A Short Story of Falling

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“What I love about water is that it spends its whole time falling,” begins Alice Oswald as she introduces her poem “A Short Story of Falling” from her 2017 Griffin Poetry Prize–winning collection, Falling Awake (Jonathan Cape, 2016). “It’s always, apparently, trying to find the lowest place possible and when it finds the lowest place possible, it lies there wide awake.”

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The Ministry of Utmost Happiness

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“When she first moved in, she endured months of casual cruelty like a tree would—without flinching.” In this video, Arundhati Roy reads from the first chapter of her second novel, The Ministry of Utmost Happiness (Knopf, 2017). Roy speaks about her much-anticipated book in “Worth the Wait” by Renée H. Shea in the July/August issue of Poets & Writers Magazine.

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Chen Chen on Vulnerability

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“To me, it always comes back to, ‘What are the real questions that I want to ask through the piece?’ And then it becomes an act, not so much of representation...but it’s more a matter of discovery.” In this 2019 episode of The Poetry Vlog, Chen Chen reads the titular poem from his collection, When I Grow Up I Want to Be a List of Further Possibilities (BOA Editions, 2017), and discusses the process of expressing vulnerability authentically on the page. For more Chen, read his series of Craft Capsule essays.

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Tracy K. Smith at the Bookworm in Beijing

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“Great stones of whitewater / hammer down.” In this 2017 reading at the Bookworm, an independent bookstore in Beijing, Tracy K. Smith reads a translation of Yi Lei’s poem “Huangguoshu Waterfall,” included in My Name Will Grow Wide Like a Tree (Graywolf Press, 2020), translated from the Chinese by Changtai Bi and Smith, which is featured in Page One in the November/December issue of Poets & Writers Magazine.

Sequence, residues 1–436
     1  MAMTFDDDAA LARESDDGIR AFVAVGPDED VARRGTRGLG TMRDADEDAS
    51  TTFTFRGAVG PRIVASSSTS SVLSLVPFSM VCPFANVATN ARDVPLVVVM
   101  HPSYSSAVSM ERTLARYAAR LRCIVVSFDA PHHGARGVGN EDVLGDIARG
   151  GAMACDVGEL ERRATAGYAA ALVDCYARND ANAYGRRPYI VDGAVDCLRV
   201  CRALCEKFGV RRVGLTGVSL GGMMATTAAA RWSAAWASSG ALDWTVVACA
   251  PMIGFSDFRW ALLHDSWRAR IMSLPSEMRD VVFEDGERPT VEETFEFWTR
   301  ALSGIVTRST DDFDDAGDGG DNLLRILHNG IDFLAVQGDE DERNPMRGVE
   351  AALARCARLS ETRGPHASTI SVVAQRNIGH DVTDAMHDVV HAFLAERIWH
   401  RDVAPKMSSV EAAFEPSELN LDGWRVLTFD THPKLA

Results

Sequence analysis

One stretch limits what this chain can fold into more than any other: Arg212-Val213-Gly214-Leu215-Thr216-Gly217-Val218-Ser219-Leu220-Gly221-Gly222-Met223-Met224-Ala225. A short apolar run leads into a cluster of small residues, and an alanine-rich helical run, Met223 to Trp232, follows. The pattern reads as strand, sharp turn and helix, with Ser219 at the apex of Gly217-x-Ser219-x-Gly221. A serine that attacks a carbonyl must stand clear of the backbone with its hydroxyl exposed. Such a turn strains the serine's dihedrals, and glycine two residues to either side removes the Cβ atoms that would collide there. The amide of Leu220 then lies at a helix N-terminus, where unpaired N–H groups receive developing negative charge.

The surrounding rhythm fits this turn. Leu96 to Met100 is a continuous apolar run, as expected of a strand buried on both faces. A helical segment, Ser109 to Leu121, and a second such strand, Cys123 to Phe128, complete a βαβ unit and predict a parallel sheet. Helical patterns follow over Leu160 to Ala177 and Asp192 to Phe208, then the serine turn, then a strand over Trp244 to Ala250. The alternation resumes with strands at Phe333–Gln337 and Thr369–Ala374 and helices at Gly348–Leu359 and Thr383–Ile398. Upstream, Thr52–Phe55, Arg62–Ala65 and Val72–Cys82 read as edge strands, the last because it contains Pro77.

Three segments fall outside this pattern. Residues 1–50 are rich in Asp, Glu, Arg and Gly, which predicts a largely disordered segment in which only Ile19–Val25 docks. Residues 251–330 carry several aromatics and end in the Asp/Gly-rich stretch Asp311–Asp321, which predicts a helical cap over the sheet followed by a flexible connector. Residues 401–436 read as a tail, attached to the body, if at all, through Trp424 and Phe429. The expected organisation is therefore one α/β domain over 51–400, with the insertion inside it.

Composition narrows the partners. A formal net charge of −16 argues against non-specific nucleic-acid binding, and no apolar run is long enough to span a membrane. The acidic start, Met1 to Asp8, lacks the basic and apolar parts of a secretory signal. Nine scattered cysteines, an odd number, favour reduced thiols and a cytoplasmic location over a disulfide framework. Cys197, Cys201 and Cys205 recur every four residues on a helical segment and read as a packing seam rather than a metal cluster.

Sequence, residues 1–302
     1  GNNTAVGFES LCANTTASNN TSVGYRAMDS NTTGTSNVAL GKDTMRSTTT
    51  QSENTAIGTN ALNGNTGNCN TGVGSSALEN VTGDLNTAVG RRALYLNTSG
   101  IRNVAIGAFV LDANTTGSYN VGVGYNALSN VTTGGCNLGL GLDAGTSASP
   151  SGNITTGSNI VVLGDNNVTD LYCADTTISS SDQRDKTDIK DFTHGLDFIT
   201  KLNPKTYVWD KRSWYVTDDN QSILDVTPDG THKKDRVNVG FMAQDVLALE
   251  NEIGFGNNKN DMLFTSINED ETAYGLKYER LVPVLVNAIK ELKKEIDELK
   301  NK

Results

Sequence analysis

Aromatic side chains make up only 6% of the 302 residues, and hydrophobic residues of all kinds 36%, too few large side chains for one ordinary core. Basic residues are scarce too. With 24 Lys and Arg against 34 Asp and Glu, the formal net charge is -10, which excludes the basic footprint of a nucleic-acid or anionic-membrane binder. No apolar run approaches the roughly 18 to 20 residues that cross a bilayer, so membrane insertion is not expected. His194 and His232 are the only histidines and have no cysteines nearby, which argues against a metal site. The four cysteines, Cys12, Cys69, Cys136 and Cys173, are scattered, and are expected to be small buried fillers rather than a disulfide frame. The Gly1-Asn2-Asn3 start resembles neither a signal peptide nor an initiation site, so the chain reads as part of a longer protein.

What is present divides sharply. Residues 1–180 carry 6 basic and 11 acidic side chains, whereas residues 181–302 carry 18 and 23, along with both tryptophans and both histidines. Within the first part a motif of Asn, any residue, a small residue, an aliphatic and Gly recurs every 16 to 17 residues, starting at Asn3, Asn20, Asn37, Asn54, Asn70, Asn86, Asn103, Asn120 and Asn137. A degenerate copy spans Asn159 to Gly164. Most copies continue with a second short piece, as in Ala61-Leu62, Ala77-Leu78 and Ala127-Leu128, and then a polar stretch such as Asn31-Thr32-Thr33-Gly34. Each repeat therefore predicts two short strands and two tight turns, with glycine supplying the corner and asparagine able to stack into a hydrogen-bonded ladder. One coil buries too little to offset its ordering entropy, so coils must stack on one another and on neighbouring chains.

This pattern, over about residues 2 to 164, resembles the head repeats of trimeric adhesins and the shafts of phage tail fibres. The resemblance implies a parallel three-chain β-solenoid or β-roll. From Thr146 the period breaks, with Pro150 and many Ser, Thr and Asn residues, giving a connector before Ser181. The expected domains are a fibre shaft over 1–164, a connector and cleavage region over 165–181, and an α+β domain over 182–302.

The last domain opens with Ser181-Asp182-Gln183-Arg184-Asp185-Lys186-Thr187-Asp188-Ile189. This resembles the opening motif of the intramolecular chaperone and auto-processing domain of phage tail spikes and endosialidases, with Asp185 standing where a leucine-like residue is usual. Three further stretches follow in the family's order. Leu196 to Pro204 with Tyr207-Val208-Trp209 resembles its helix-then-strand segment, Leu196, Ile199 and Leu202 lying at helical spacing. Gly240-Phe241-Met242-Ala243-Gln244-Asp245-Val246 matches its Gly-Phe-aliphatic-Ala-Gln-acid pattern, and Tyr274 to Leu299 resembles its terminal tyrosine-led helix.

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Phillip B. Williams Reads Kayleb Rae Candrilli

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“Once on the back porch my lab barked / and barked. / he was always spooked / by something, garter snake, black / snake, rabbit.” In this Ours Poetica video produced in collaboration with the Poetry Foundation, Phillip B. Williams reads an untitled poem by Kayleb Rae Candrilli from their debut book, What Runs Over (YesYes Books, 2017).

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Can A.I. Write Poetry?

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In this video produced by the University of Southern California’s Viterbi School of Engineering, professors and students weigh in on whether artificial intelligence has the capacity to write poetry. David St. John, author of The Last Troubadour: New and Selected Poems (Ecco, 2017), and Shakespeare scholar Bruce Smith speak on behalf of human poets.

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Roxane Gay Reads From Hunger

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“I’ve always found that the things I find the most intimidating end up being the most intellectually satisfying.” At the Louisiana Literature Festival in 2019, Roxane Gay speaks about what moved her to write Hunger: A Memoir of (My) Body (Harper, 2017), and begins her reading with a piece about loving Mister Rogers.

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